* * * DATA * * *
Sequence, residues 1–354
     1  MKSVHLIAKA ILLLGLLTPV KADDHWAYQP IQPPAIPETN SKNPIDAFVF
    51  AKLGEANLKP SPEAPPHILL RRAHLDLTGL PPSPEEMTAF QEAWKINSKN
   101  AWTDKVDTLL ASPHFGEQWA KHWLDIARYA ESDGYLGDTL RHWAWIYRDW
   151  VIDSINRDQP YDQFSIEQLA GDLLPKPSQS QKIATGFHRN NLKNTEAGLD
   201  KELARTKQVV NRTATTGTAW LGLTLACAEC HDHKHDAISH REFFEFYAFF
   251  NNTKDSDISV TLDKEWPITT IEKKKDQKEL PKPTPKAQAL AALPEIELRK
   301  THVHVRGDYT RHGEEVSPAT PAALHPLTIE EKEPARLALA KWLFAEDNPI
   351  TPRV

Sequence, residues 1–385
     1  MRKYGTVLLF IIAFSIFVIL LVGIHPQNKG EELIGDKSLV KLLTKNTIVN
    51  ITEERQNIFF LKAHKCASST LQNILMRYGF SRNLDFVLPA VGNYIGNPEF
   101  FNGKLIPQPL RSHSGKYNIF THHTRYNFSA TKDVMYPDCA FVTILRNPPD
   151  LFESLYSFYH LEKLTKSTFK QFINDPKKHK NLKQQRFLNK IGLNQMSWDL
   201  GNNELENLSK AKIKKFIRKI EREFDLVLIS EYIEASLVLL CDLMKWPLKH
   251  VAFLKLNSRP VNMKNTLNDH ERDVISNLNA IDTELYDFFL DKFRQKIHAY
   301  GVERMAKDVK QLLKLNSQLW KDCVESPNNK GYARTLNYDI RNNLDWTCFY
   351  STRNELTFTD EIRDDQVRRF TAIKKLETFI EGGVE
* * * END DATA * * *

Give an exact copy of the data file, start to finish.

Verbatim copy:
Sequence, residues 1–354
     1  MKSVHLIAKA ILLLGLLTPV KADDHWAYQP IQPPAIPETN SKNPIDAFVF
    51  AKLGEANLKP SPEAPPHILL RRAHLDLTGL PPSPEEMTAF QEAWKINSKN
   101  AWTDKVDTLL ASPHFGEQWA KHWLDIARYA ESDGYLGDTL RHWAWIYRDW
   151  VIDSINRDQP YDQFSIEQLA GDLLPKPSQS QKIATGFHRN NLKNTEAGLD
   201  KELARTKQVV NRTATTGTAW LGLTLACAEC HDHKHDAISH REFFEFYAFF
   251  NNTKDSDISV TLDKEWPITT IEKKKDQKEL PKPTPKAQAL AALPEIELRK
   301  THVHVRGDYT RHGEEVSPAT PAALHPLTIE EKEPARLALA KWLFAEDNPI
   351  TPRV

Sequence, residues 1–385
     1  MRKYGTVLLF IIAFSIFVIL LVGIHPQNKG EELIGDKSLV KLLTKNTIVN
    51  ITEERQNIFF LKAHKCASST LQNILMRYGF SRNLDFVLPA VGNYIGNPEF
   101  FNGKLIPQPL RSHSGKYNIF THHTRYNFSA TKDVMYPDCA FVTILRNPPD
   151  LFESLYSFYH LEKLTKSTFK QFINDPKKHK NLKQQRFLNK IGLNQMSWDL
   201  GNNELENLSK AKIKKFIRKI EREFDLVLIS EYIEASLVLL CDLMKWPLKH
   251  VAFLKLNSRP VNMKNTLNDH ERDVISNLNA IDTELYDFFL DKFRQKIHAY
   301  GVERMAKDVK QLLKLNSQLW KDCVESPNNK GYARTLNYDI RNNLDWTCFY
   351  STRNELTFTD EIRDDQVRRF TAIKKLETFI EGGVE